4. It Ignores the Importance of Blood-Glucose Levels

Last but certainly not least: Intermittent fasting wreaks havoc on blood sugar.

This is extraordinarily important to understand because in order to actually feel our best and live our healthiest lives, we have to give our blood sugar our full attention. Optimal blood sugar levels are maintained through small, frequent meals that are balanced with all three macronutrients (protein, fat, and carbs), making it the exact opposite approach to intermittent fasting. 

What to Do Instead of Intermittent Fasting? 

To boil it all down: Intermittent fasting isn’t going to kill you (probably), but it isn’t going to make you a superhuman, either. And it might have some seriously negative side effects, depending on your unique physiology. 

Can’t the same be said for almost all diets and eating trends? Yes, definitely. 

But if we sift through the misinformation and marketing tactics that inundate the online wellness sphere, there is scientific evidence that supports one particular way of eating. That is, of course, eating to fuel your fire

Eating to fuel your fire addresses all four of our issues with intermittent fasting in one fell swoop. 

By eating small, nutrient-dense meals that contain proteins, fats, and carbs frequently, we can maintain healthy blood sugar levels without sending the body into a shock response. And then, with our blood sugar taken care of, we get to experience all the benefits of balanced blood-glucose levels.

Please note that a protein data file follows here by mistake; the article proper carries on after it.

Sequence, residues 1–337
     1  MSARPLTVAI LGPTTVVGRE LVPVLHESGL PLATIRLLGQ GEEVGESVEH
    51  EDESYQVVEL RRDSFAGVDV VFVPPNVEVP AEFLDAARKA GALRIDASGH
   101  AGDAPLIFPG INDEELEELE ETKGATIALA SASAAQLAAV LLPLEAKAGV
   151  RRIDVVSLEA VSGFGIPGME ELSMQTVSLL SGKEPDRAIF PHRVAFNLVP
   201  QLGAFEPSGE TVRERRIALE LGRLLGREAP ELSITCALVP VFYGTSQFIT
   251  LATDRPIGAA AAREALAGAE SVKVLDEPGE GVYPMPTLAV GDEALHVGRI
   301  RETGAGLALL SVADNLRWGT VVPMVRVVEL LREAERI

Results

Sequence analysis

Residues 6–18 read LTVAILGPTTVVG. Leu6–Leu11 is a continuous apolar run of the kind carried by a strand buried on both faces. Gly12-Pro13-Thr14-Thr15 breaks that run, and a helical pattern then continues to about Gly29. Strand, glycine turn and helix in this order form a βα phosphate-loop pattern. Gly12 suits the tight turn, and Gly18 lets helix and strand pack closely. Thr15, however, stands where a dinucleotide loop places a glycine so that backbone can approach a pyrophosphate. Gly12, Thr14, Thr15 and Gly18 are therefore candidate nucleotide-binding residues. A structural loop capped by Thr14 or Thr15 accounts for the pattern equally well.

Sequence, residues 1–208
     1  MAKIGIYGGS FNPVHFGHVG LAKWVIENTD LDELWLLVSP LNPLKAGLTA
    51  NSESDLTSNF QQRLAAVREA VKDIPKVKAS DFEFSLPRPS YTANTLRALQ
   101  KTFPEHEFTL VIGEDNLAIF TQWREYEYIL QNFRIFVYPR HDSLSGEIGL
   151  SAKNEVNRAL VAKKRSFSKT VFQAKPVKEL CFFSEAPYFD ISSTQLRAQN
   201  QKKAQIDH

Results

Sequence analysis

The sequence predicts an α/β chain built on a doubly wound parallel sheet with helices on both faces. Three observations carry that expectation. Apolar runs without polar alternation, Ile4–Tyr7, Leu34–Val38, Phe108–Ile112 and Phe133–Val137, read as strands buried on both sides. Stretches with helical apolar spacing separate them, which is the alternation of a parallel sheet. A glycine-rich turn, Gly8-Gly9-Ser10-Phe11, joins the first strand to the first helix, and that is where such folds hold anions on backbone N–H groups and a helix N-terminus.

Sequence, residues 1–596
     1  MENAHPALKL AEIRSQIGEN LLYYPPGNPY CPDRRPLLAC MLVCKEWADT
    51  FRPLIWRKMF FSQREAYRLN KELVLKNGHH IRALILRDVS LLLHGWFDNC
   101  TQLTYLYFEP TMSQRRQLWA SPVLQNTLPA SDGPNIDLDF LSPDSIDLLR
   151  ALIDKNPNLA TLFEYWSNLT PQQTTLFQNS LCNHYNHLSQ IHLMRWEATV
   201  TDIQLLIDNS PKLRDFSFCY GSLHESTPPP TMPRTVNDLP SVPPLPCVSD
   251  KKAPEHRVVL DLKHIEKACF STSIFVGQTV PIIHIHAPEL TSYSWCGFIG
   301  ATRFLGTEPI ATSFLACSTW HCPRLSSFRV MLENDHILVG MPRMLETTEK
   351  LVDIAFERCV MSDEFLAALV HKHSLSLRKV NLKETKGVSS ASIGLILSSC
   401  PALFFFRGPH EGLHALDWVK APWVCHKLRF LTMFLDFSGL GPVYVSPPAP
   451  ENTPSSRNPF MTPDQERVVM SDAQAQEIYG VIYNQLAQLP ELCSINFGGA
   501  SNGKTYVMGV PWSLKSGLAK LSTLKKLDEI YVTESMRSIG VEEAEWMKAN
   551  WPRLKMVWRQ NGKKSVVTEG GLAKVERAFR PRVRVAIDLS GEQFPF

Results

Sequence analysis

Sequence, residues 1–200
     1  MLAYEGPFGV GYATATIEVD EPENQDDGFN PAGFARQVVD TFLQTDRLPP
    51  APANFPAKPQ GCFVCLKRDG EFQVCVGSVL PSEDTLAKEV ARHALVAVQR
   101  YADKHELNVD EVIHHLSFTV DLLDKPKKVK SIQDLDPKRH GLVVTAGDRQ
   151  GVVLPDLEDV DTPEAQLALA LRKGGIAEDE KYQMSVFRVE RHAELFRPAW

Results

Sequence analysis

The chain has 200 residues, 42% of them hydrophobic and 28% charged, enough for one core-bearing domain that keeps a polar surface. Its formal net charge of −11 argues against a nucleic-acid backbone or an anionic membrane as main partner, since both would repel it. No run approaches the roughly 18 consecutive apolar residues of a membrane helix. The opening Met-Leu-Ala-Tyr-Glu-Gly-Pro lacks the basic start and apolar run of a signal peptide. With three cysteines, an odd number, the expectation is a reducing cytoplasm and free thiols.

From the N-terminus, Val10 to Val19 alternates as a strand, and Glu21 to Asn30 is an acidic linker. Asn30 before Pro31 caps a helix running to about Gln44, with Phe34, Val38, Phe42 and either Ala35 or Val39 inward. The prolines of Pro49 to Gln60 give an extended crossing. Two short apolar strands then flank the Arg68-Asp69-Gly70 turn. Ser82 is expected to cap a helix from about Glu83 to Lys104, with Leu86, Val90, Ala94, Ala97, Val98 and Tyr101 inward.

Like proper brain functioning, mitigated stress response, lowered symptoms of depression, boosted cardiovascular health, and more. 

Having frequent healthy snacks and filling meals can help us stay satiated, too, therefore side-stepping the risk of binging and hunger-related stress responses. 

Is Dr. Neal really saying you should eat more frequently to support weight management and overall health? Yes, he is, because the clinical data says the same thing. 

And so does his occasional cohost on the podcast, Mark DeCicco, who lost over 200 pounds using the eat to fuel your fire approach. Don’t believe us? Deep-dive the calories episode right here

IF It Works, Great — IF Not, That’s Okay 

Intermittent fasting is a trend that doesn’t seem to be going away any time soon. But that’s okay! Now that you’re equipped with a scientific framework for food habits and blood sugar maintenance, you can make choices that make sense for you, personally.

Need a little more guidance on your eating hours and fasting window? Let’s chat! Our Counterside Consults are always free and always open for direct, personalized advice on all things wellness.